ReiserFS uses a sorted directory structure to speed directory lookups, and
mkreiserfs provides several options for the hash (a type of lookup algorithm) used for this purpose. You set this option with the
-h hash option to
mkreiserfs, where hash can be r5, rupasov, or tea. Some hashes may yield improved or degraded performance for specific applications. The Squid Web proxy documentation suggests using the rupasov hash, whereas the qmail documentation recommends r5, for instance. One problem with the r5 and rupasov hashes is that they can greatly slow file creation in directories with very many (a million or so) files. In fact, rupasov is very prone to such problems, and so should be avoided on most systems. The tea hash is much less subject to this problem, but it is also much slower than r5 for directories with more typical numbers of files. In general, you should use the default r5 hash unless you know you'll be creating many files or the disk will be used by one performance-critical application, in which case checking the application's documentation or doing a web search for advice may be worthwhile.
XFS enables you to set the inode size at filesystem creation time using the
-i size=value option to
mkfs.xfs. The minimum and default size is 256 bytes; the maximum is 2,048 bytes. (The inode size can't exceed half the allocation block size, though.) One impact of the inode size option relates to small file access times; because XFS tries to store small files within the inode whenever possible, specifying a large inode enables storing larger files within the inode. Doing so will speed access to these files. Therefore, if a partition will store many small files (under 2KB), you may want to increase the inode size. Depending on the exact mix of file sizes, the result may save or waste disk space. If few files will be smaller than 2KB, there's little point to increasing the inode size.
The default filesystem creation options usually yield acceptable performance. Modifying these options can help in some unusual cases, such as filesystems storing huge numbers of files or a computer that's restarted frequently. I don't recommend trying random changes to these options unless you intend to run tests to discover what works best for your purposes.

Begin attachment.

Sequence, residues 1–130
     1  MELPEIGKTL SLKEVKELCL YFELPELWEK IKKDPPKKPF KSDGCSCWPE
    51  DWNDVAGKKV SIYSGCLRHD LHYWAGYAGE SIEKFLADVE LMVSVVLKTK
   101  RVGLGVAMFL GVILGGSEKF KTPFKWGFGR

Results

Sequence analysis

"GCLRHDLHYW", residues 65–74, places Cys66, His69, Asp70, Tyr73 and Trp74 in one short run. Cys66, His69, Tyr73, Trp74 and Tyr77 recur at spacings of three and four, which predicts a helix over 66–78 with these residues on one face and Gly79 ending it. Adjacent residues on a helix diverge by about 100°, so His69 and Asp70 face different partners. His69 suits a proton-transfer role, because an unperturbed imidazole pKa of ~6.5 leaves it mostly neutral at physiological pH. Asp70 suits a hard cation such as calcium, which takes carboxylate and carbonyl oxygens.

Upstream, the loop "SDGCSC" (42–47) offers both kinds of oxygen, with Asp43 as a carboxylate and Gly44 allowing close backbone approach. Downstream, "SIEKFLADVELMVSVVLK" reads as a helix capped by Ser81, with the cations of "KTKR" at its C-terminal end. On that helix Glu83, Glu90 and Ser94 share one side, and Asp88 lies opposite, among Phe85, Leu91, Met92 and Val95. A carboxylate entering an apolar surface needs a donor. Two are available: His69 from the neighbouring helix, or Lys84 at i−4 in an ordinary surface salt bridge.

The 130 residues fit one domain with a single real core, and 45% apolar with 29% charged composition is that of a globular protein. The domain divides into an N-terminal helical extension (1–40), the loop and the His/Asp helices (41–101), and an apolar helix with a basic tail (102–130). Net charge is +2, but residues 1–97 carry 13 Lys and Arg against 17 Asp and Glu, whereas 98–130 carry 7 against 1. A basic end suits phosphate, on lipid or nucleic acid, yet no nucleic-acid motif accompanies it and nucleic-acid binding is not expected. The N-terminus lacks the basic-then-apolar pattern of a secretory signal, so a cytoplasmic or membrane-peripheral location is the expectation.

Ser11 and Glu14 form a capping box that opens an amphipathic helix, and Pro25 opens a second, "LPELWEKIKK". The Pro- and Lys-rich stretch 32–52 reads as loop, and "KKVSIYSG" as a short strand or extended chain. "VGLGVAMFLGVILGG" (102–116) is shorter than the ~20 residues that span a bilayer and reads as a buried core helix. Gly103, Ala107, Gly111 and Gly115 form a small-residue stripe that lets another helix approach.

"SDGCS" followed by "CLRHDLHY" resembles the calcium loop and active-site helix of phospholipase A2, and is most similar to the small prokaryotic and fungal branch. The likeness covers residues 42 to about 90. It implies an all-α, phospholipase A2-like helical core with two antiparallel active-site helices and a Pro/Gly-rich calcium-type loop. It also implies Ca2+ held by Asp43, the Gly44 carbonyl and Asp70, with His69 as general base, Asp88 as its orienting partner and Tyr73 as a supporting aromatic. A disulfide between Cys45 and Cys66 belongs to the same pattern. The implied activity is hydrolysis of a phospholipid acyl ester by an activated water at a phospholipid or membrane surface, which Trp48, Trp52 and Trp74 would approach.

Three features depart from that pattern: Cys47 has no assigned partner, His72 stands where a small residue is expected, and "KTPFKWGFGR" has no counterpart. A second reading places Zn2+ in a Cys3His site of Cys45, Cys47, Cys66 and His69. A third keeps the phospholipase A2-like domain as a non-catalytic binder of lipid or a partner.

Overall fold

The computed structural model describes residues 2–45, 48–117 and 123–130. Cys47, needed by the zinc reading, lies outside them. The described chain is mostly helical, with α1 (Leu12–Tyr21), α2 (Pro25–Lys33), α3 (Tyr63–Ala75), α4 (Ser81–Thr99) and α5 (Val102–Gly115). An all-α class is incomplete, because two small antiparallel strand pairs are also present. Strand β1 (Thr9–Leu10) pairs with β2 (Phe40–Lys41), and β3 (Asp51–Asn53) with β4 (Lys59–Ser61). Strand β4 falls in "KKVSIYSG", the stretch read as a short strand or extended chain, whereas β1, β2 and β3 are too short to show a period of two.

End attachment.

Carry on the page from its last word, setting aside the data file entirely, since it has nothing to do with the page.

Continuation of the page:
Converting ext2fs to ext3fs
One of the advantages of ext3fs over the other journaling filesystems is that it's easy to turn an existing ext2 filesystem into an ext3 filesystem. You can do this using the
tune2fs program and its
# tune2fs -j /dev/hda4
If the filesystem to which you add a journal is mounted when you make this change,
tune2fs creates the journal as a regular file, called .journal, in the filesystem's root directory. If the filesystem is unmounted when you run this command, the journal file doesn't appear as a regular file. In either case, the filesystem is now an ext3 filesystem, and it can be used just as if you created it as an ext3 filesystem initially. If necessary, you may be able to access the filesystem as ext2fs (say, using a kernel that has no ext3fs support); however, some older kernels and non-Linux utilities may refuse to access it in this way, or they may provide merely read-only access.
On rare occasion, an ext3 filesystem's journal may become so corrupted that it interferes with disk recovery operations. In such cases, you can convert the filesystem back into an ext2 filesystem using the
# debugfs -w /dev/sda4 debugfs 1.32 (09-Nov-2002) debugfs: features -needs_recovery -has_journal Filesystem features: dir_index filetype sparse_super debugfs: quit
After performing this operation, you should be able to use
fsck.ext2 with its
-f option, as described in the upcoming section, "Filesystem Check Options," to recover the filesystem. The newly deactivated journal will cause
fsck.ext2 to report errors even if the filesystem did not previously have them. If you like, you can then add the journal back by using
tune2fs, as just described. (Don't try to remove the journal from a mounted filesystem.)
Next time we'll talk about other filesystem operations, such as resizing filesystems and defragmenting a disk.